The Place: Rocky Fork State Park (Unicoi County, Tenn.)
The Hike: A ranger-led to the Flint Creek Battle site to ring in the New Year
I’m not going to lie – when I mentioned to my non-hiking coworkers (and less hard-core but hiker coworkers) that I was ringing in 2020 by hitting a trail, they were flabbergasted.
While a few thought I was crazy, the main comment was on how cold it was forecasted.
In my experience, a hike will warm you up real quick.
A group of roughly 20 of us gathered at Rocky Fork for the 2-mile out-and-back hike. Headlamps on, we moved up the main trail into the depths of the park – the Rocky Fork Trail.
I have a love/hate relationship with night hiking. I love how empty a park or trail is at that time. However, most times you have to deal with groups: in parks, you’re not supposed to be on the trail after dark unless it’s a ranger-led outing. As a slowpoke/gazer hiker, this doesn’t always bode well for me.
Tuesday night, a combination of a steep hill and overheating had me dropping to the back of the gaggle for the hike in to the Battle Site.
If you’ve never been to Rocky Fork before, the nice thing about it is the trail in is wide and graveled. Sure, there’s wet and muddy spots, but you know you’re on the trail.
To get to the battle site, you follow Rocky Fork Trail to its end. There, it branches off with the Flint Creek Trail to the left and White Oak Flats Trail to the right. You’re going to follow Flint Creek Trail over a small bridge before getting to where Flint Creek actually flows into Rocky Fork.
During the New Year’s Eve hike, we used the small bridge, a log covered with planks with a rail on one side. It’s dwarfed by the new bridge – a massive thing with rails on either side. It’s not open for this hike as stairs up to it must still be constructed.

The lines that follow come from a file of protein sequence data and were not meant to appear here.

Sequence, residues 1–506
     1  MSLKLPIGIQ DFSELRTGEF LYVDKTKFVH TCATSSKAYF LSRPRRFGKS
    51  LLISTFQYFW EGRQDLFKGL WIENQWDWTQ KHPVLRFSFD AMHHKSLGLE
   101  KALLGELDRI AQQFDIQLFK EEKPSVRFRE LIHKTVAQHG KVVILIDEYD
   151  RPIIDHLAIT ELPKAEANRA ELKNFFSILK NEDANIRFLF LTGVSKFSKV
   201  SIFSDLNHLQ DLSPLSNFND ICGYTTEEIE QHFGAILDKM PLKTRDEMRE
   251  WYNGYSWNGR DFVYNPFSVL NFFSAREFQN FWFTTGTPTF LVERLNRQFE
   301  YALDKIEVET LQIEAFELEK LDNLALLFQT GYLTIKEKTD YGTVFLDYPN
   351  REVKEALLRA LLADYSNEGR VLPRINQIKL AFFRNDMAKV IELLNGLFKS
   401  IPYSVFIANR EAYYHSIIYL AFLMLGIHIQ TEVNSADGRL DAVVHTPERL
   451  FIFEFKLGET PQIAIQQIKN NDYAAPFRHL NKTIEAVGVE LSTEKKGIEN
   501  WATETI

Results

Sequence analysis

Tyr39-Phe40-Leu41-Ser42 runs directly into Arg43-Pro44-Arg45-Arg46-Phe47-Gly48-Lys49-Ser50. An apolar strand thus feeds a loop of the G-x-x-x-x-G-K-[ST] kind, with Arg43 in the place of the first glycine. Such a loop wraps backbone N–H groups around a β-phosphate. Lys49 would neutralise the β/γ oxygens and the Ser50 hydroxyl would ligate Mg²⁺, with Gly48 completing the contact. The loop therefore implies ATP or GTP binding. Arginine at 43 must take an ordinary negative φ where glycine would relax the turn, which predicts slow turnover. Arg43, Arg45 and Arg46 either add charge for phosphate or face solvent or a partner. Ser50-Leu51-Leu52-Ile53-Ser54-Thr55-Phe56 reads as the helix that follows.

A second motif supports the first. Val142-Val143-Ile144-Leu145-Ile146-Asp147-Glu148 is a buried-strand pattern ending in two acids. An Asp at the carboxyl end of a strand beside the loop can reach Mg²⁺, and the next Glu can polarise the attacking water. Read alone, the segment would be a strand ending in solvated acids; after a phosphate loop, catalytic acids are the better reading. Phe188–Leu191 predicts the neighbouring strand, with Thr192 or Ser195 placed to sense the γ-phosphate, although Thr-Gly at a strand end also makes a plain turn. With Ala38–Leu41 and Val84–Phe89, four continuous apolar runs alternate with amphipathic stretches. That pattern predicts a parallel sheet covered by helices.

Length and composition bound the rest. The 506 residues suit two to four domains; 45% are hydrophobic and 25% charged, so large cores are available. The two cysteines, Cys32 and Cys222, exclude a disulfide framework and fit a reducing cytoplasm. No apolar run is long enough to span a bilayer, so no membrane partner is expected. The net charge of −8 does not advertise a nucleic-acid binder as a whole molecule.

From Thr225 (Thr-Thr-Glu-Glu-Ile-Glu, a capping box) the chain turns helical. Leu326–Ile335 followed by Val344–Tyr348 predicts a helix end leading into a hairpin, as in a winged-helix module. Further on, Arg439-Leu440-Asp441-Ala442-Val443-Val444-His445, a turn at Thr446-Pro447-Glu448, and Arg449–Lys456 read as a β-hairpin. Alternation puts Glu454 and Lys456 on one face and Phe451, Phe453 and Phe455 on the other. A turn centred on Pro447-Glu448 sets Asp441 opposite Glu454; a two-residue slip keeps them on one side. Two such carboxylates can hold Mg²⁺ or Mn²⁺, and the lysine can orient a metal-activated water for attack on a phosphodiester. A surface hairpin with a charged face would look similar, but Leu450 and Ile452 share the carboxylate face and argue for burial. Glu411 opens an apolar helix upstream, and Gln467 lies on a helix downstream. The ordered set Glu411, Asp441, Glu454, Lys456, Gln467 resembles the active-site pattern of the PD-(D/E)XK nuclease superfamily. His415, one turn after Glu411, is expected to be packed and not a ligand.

From the bridge, it’s up an embankment and to the right to continue on. Two small bridges later, you’re suddenly in the middle of a field. The field that’s widely considered the Flint Creek Battle Site.
I’m not going into the history of the battle between John Sevier and his men and the Cherokees. There’s a good write-up here.
On a cloudless or partly cloudy night, the field is prime stargazing. Unfortunately, from the time it took to get from the parking lot to the meadow, clouds had moved in. We took a few minutes to take in the noise of the few animals stirring on the cold night before the rangers turned us back toward our vehicles.
The hike back in the dark was definitely interesting. It’s predominately downhill. I’m surprised I didn’t turn an ankle on the loose rocks.
I rang in the New Year somewhere along the Rocky Fork. The loud rushing of the creek was better than any fireworks. Also great – the hot chocolate and cookies waiting back at the car, prepared by volunteers.
It’s an easy hike, particularly enjoyable at night. However, first time, definitely go during the day to enjoy the cascades and small waterfalls on the Rocky Fork and Flint Creek.
(Special thanks to Friends of Rocky Fork S.P. for making hot chocolate and sweet treats for all us hikers!)